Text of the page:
Effects of Pesticides.
While anything that is put on a potential bee food source can easily end up back in the hive via transport by field bees, a recent study found, on average, 7.1 pesticides are in the pollen collected in an apiary and 2.5 pesticides can be found in its bees without apparent health impact (Mullin 2010). The exposure of pesticides to bees is commonplace, generally not enough to immediately or acutely kill the bees.
In 2012, USDA hosted a meeting of bee health stakeholders to assess current knowledge of bee health and consider future actions to promote health and mitigate risks to honey bees. The group identified four key areas affecting honey bee health: nutrition, pesticides, parasites/pathogens, and genetics/biology/breeding. In the pesticides area, they noted acute and sub-lethal effects on honey bees as increasing, but determined more research is needed to prove causation and gauge impact.
EPA and other Responses.
After the Oregon incident, EPA announced new label text was in development to minimize exposure to bees and other pollinators. Efficacy data and a “pollinator stewardship plan” was requested from each registrant of products containing neonicotinoids, along with a reminder that a Federal Insecticide, Fungicide, and Rodenticide Act (FIFRA) provision already requires incidents involving pollinators to be reported on an accelerated 10-day schedule.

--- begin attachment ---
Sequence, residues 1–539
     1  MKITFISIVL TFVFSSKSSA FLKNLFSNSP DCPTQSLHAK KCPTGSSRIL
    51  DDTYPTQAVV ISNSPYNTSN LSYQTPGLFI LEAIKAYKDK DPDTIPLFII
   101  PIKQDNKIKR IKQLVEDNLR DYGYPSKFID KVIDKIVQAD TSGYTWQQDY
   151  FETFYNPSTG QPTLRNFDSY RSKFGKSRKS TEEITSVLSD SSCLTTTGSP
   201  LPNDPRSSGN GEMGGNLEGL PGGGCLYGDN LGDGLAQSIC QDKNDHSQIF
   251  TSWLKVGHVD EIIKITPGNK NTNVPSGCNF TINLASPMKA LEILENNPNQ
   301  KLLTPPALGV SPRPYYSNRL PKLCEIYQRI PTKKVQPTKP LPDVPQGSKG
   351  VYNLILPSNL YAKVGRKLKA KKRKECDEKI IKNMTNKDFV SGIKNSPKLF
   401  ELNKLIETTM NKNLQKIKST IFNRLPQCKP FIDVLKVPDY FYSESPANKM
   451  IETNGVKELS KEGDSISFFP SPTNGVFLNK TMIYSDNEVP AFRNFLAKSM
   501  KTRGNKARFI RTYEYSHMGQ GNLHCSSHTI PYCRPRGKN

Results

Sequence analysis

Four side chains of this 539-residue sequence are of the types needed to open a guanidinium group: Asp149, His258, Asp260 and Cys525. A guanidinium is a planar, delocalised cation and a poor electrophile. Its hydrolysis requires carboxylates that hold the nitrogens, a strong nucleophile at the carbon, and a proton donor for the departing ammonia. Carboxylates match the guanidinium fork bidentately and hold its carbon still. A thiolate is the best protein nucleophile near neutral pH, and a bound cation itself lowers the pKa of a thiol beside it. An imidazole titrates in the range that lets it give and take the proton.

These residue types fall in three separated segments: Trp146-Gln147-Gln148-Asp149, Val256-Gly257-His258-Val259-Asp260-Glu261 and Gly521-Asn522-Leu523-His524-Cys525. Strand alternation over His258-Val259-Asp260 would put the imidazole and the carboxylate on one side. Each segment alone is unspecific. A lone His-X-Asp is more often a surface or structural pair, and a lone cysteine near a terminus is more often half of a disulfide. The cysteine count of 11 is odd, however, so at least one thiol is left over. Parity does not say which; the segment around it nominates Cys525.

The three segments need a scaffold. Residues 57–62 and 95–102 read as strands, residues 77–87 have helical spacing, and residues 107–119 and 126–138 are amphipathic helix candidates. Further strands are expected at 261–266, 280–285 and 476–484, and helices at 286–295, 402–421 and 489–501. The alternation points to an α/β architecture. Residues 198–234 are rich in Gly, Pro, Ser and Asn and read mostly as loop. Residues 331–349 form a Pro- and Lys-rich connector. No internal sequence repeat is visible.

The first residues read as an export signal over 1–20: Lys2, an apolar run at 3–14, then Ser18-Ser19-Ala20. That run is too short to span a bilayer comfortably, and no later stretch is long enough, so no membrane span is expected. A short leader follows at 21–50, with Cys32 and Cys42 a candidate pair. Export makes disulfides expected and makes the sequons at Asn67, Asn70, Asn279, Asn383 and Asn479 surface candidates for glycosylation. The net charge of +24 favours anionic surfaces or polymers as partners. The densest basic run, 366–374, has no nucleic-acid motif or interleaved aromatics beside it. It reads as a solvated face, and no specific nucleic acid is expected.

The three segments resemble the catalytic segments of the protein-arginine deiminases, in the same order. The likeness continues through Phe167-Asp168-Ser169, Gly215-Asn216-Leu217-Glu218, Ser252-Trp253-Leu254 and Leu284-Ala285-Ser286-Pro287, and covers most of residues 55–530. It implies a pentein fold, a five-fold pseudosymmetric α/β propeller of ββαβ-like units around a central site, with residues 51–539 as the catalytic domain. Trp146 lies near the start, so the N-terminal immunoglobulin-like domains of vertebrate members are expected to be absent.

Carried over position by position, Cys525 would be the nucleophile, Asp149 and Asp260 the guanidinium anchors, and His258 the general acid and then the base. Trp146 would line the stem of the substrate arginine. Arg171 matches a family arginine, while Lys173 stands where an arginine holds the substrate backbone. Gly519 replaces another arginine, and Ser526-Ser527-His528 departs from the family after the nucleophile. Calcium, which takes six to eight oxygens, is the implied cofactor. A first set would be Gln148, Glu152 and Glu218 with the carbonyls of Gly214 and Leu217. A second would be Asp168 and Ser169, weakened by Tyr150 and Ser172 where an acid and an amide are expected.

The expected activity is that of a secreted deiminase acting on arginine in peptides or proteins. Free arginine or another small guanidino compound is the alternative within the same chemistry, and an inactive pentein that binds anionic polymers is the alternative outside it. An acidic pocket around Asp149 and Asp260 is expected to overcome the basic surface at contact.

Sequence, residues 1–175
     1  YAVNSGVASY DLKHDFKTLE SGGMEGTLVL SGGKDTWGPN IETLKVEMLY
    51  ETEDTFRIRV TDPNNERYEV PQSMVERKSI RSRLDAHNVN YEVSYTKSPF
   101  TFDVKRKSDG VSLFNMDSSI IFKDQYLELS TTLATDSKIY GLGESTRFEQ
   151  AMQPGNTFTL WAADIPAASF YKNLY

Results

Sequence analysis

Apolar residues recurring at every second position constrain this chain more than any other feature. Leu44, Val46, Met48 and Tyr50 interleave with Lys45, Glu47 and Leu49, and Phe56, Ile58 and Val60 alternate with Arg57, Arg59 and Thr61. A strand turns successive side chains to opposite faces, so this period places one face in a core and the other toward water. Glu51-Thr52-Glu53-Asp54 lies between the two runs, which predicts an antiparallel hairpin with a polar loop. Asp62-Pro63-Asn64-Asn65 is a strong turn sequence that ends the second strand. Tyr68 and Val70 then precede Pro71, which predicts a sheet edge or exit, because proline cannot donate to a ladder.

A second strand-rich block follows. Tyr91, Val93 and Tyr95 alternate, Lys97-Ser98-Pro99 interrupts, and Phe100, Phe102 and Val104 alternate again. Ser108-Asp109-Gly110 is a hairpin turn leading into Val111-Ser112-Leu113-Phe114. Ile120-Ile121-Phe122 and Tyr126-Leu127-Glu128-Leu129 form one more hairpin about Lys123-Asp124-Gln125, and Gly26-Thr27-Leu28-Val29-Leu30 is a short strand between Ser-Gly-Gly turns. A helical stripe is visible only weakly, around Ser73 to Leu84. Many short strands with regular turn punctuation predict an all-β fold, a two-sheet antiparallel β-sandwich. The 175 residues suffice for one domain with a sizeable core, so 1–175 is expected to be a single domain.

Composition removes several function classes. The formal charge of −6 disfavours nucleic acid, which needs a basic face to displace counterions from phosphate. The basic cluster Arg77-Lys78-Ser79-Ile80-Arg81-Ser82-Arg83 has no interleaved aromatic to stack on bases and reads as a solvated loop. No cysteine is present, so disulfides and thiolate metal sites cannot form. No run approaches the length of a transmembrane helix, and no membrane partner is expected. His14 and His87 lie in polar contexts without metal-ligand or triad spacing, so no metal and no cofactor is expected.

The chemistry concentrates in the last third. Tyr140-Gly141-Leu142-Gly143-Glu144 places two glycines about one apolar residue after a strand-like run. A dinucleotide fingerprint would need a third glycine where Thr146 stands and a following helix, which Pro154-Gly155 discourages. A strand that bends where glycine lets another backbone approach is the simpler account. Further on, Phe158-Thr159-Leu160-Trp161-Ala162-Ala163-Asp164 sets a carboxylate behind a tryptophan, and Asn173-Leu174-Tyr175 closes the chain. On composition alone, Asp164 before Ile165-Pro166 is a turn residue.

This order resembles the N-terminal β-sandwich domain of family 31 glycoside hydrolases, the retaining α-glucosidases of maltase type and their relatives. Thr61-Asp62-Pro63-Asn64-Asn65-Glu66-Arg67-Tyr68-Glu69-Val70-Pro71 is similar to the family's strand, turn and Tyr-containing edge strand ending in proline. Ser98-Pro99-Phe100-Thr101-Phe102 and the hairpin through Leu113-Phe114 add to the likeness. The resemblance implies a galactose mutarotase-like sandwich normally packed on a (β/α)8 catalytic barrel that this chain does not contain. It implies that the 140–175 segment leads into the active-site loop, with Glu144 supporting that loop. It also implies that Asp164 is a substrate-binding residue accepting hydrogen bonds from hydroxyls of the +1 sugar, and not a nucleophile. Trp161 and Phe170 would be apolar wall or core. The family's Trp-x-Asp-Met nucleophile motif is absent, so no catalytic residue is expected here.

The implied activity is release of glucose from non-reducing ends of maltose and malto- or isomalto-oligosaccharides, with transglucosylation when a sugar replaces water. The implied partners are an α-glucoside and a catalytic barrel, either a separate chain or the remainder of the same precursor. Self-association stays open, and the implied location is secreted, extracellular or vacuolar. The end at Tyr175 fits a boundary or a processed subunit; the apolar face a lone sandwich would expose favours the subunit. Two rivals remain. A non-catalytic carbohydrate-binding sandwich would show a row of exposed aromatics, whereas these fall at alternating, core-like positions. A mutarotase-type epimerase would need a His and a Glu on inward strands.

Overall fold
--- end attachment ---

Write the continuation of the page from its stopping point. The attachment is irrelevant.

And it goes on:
Congress also reacted with the introduction of a bill, “Saving America’s Pollinators Act of 2013,” directing EPA to suspend registration of products containing neonicotinoids for use in seed treatment, soil application or foliar treatment on bee-attractive plants, trees and cereals within 180 days of its signing until it can be proven that these pesticides do not cause unreasonable adverse effects on pollinators. Many other state government areas have also actively considered similar measures and legislation.
In addition, environmental groups have been aggressive in their efforts to have neonicotinoids banned, suing EPA in federal court for failure to adequately protect pollinators and urging retail stores to discontinue the sale of these pesticides.
The pest management industry immediately engaged in the issue of bee health after the first signs of CCD, consulting with EPA on developing protective label language that still allows for day-to-day PMP operations. Also encouraging is the response from manufacturers, specifically Bayer CropScience, with their investment of millions of dollars into honey bee research and finding new ways to protect pollinators.